Friday, December 8, 2000
Dukakis speaks about election, public service at CCHS. Encourages students to enter politics
Former Massachusetts Governor and presidential candidate Michael Dukakis spoke to students and faculty at Concord-Carlisle High School leading a lively discussion about the current election. At a packed all-school assembly in the high school gym on Wednesday, November 29, he encouraged students to think about public service as a career. "If you care about the homeless, that's a political issue. If you care about the future and world peace, go into politics," he said.
Social Studies Chair Denis Cleary recapped Dukakis' career for students. Dukakis was governor from 1974 to 1978, lost the Democratic primary to Edward King in 1978, and regained the governorship again from 1982 to 1990. In 1988 he ran for president as the Democratic candidate and was defeated by George Bush.
In an informal speech to students, Dukakis warmed up the crowd by noting that the high schoolers were only two to five years old when he ran for president twelve years ago."If I had defeated George Bush, you would never have heard from the Bushes again," he joked.
Turning to the current election he said, "We are living through history here." Dukakis said he believes presidential candidate Al Gore got the majority of votes in Florida, but whether or not all the votes will be counted is another issue. "Clearly we need new election procedures and better standards about where, when and how we vote," he said. He believes the electoral college should be abolished in favor of a candidate winning by popular vote, or counting the total number of votes.
Students press many questions
"Do your agree or disagree with the way the Gore campaign is handling the election in Florida?" a student asked. Dukakis said he too would pursue a recount if he believed he had won the popular vote in Florida. Another student asked why there are political parties. He answered by explaining that parties bring people of similar interest together. Third party candidate Ross Perot should be given credit, Dukakis said, for forcing the huge federal budget deficit as an issue in the presidential race with Clinton. Perot focused so much attention on solving the problem, that currently there is a budget surplus, he noted.
"Why did the country react the way it did in 1988 to a Massachusetts' Democrat running for president?" another student asked.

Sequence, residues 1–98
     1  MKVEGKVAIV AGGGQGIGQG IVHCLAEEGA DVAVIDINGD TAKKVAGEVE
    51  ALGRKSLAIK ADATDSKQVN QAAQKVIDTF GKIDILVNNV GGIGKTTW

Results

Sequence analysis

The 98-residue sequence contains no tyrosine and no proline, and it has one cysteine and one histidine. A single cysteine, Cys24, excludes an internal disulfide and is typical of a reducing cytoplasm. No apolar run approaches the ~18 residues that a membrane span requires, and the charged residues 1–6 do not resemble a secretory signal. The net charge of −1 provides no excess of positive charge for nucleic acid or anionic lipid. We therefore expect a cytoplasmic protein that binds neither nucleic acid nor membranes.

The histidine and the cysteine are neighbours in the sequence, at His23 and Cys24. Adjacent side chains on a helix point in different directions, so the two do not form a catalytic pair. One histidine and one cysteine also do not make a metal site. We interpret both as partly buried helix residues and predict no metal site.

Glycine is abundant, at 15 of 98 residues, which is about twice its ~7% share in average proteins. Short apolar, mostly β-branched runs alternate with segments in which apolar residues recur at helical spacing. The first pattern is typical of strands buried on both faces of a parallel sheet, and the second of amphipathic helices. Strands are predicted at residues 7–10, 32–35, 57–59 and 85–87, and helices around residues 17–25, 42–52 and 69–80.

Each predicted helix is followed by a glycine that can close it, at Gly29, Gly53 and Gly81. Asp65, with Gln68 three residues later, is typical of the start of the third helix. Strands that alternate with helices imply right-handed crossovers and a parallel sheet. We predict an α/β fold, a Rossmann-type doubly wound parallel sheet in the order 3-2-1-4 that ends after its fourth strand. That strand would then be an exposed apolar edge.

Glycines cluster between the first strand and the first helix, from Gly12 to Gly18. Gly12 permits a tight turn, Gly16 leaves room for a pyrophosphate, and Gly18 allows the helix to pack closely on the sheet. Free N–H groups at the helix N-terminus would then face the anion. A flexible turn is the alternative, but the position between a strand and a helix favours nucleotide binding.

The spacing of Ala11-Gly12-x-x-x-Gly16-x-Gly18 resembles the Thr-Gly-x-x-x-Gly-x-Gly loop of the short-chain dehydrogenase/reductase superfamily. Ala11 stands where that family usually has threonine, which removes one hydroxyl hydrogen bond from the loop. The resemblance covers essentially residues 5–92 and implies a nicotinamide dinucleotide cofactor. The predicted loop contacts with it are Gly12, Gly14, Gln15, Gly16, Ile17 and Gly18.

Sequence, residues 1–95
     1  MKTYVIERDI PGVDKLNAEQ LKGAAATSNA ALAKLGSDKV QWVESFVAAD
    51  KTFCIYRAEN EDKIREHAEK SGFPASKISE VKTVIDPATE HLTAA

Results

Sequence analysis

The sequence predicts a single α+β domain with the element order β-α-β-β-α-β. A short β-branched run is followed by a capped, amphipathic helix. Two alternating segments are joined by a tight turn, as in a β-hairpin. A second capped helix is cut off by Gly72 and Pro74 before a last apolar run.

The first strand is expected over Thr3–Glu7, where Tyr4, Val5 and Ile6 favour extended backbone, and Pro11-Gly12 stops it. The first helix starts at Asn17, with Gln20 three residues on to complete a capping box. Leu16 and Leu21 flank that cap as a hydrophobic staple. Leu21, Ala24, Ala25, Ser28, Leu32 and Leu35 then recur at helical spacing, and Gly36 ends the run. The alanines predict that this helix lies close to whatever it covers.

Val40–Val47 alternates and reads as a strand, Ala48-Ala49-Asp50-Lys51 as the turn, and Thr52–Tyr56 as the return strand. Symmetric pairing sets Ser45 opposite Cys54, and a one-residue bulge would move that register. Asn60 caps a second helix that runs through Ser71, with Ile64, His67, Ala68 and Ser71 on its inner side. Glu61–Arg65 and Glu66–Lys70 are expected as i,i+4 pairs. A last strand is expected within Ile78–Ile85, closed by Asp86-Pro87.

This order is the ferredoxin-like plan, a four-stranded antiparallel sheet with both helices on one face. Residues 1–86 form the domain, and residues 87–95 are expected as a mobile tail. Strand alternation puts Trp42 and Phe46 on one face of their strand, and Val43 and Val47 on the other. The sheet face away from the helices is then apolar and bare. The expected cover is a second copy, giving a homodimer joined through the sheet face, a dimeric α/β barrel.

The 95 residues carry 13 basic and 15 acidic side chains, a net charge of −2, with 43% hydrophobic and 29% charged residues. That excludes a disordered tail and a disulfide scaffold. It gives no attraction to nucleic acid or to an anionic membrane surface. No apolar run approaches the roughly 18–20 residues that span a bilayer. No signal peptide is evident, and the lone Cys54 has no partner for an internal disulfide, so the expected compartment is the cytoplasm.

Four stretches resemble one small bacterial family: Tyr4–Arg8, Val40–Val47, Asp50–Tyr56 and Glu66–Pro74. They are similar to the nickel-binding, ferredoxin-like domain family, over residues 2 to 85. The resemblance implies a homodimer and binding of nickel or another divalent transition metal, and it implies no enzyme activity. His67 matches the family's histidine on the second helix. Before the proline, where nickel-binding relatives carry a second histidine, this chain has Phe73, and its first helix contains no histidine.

Dukakis answered with a wry smile, "You mean why did I lose in 1988?" In hindsight he said, "I made a serious mistake by blowing off the Bush campaign's negative attacks. I should have responded strongly to the attacks."
On campaign finance reform, Dukakis said he ran an honest, above-board campaign for president, taking no money from political action committees or lobbyist groups. With over 400,000 individual contributors, his average campaign contribution was $75, a relatively modest amount. Without campaign finance reform, he said, it makes it much more difficult to run for office.
About the controversial MCAS tests that will soon require a passing grade to receive a high school diploma, the former governor said he believed in testing in the right way, but was concerned about applying the standards to vocational school students. "Many vocational school students won't do well on MCAS," he said, but are prepared for technically trained jobs, and they are in great demand. Despite the current attention to public education's deficits, Dukakis pointed out that in the 1950s, around 50% of white students and 70% of minorities never graduated from high school.
Getting students interested in politics
Dukakis said it's his mission to encourage students to get involved in politics. In ten years since leaving office, he has taught at the JFK School of Government at Harvard, Northeastern, University of California at Los Angeles and the University of Hawaii among other colleges and high schools. Pointing out the growing gap between the rich and the poor in the country and the estimated 43 million Americans with no health insurance, he said "Politics is about caring more than just about yourself. You can't divorce community service from political service."
Lecture funded by Carlisle family
The speech is part of the ongoing Lecture Enrichment Series started by Social Studies Department Chair Denis Cleary several years ago. Teachers and outside business, academic and political leaders are invited to speak to students. Past teacher lecture topics have included a discussion of World War I, the history of the American musical, a lecture on physics, and panels on the election and the impeachment process.
The lectures are open to students, faculty, staff and the community and are sponsored by a grant from the Ruettgers family of Carlisle, who had three children graduate from CCHS. Dukakis was offered a fee for the speech but refused it, asking that the high school donate his fee to the Boston Historical Coalition, an organization which maintains the Freedom Trail in Boston.
© 2000 The Carlisle Mosquito